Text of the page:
Olivia Rovin has never let any obstacle stop her.
“When she was 10, she competed in her first triathlon and cut her foot on a barnacle coming out of the water — but put shoes on and hopped on a bike. We [her parents] did not know she had hurt herself until she crossed the finish line in first place and blood was running out of her shoe!” said Rovin’s mother, Dr. Peggy Crawford.
Rovin proves to be one of those special people who can conquer anything. Not even being diagnosed with Hodgkin’s Lymphoma in January 2015 or weekly chemotherapy treatments could keep the then-sophomore and 16-year-old Rovin from running spring 2015 track. She had always been a top athlete in cross country, soccer and track and refused to let cancer change this. She consistently attended practice and ran despite chemo’s weakening effect on her body. She also won multiple races during the season.
On April 9, 2015, she had won the biggest battle: her battle against cancer. Just one week later, on April 16, 2015, she had another impressive feat, winning the Florida High School Athletic Association (FHSAA) District 10 Championship in the 800-meter race. Fast forward nearly seven months and you can find Rovin standing proudly on the podium at the FHSAA Cross Country State Finals with a ninth-place medal around her neck.
The road to ninth place at states was no walk in the park, but Rovin, the three-sport (cross country, soccer and track) varsity athlete since eighth grade has never backed down from a challenge. Joe Burgasser, her running club coach, started training Rovin for her fall cross-country season at the beginning of May. Rovin was determined to have a successful season.
“I wanted to show everyone that cancer did not stop me or change my running performance,” Rovin said.
On her summer training, Coach Burgasser said, “We trained with a gradual increase in quantity and quality through the summer, allowing her to gradually regain lost strength, and overcome the neuropathy caused by chemotherapy.”
Rovin loved summer training because she enjoyed regaining of her strength. She eventually started to feel normal when running.
After excelling in summer workouts in the blistering Florida heat, Rovin was ready for fall and cross-country season. Going into the season, Rovin said, “I was really pumped because I wanted to show that [cancer] didn’t really affect me in a debilitating way. I just wanted to go out there and see what I could do for the season.”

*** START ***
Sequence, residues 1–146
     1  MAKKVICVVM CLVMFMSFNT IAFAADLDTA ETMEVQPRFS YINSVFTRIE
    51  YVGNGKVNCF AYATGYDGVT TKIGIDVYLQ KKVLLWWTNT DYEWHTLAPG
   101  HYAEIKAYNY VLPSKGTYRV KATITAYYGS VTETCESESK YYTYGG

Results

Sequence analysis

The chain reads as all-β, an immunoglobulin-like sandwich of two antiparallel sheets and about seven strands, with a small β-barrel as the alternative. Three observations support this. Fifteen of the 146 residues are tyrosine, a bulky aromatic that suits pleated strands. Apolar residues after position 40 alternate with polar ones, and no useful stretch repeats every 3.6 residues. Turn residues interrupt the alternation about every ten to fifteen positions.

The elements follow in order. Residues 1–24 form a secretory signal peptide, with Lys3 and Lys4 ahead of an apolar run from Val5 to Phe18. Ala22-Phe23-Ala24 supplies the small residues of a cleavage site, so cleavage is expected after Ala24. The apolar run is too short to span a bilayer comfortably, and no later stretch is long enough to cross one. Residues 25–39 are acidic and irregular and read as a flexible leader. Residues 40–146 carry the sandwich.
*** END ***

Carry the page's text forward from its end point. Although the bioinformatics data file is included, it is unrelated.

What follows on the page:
After the first few meets, Rovin was discouraged with her times. With encouragement and guidance from her coaches, teammates and parents, Rovin decided to worry less about her times and more about the big picture: states. Rovin’s goal since middle school was to win a medal at states (the top 10 finishers get a medal), but had not yet achieved such a feat — she placed eleventh in the previous FHSAA Cross Country State Finals.
Rovin trained hard to get herself ready for states. Teammate Luke Peterson said “[Rovin] has a fantastic work ethic. She never made excuses for herself even when they were completely valid and always put her best foot forward.”
Another teammate, Lily Schneider, said, “Even on days when there is a thunderstorm and practice is canceled, Olivia goes to the gym and works out to get cardio in. She’s the kind of person we need more of in this world — people who are dedicated and determined.”
Rovin not only trained hard, but also trained smart — smarter than she ever had before. High school coach Amy Pope Raab said, “Olivia is one of the hardest working athletes I have ever coached. In fact, before cancer, there were many times that we had to tell her ‘no’ or ‘less’ because she wanted to push and work harder than she really needs to or ought to. After cancer, she still works just as hard, I think now she just works smarter than she used to. I think she understands that more is not always better.”
Finally, after months of preparation, hard work, learning experiences, fun, sweat and tired legs, Olivia’s final test came: FHSAA Cross Country State Finals, and she was ready. “This year I was really calm. In the past I pretended to be calm for my teammates and myself but deep down I really knew I could do it,” Rovin said.
During the race, Rovin used confidence and strength to gain an edge over her opponents. “I just kept telling myself that I was tougher than all the other girls out there. My mantra that I repeated in my head was ‘I beat cancer, I can beat you,’” Rovin said.
As Rovin sprinted down the final stretch, her teammates, friends, coaches and family exploded with excitement. Rovin finished in ninth place with a 19:33 for the 5K, her best placing at a state meet ever.
“I just wanted to prove to everyone and mostly myself that I could still be a competitive and intense athlete after everything I went through,” Rovin said.
Standing up on the podium smiling with her ninth place medal, Rovin has inspired everyone, from her coaches, to teammates, to competitors to work hard and never give up.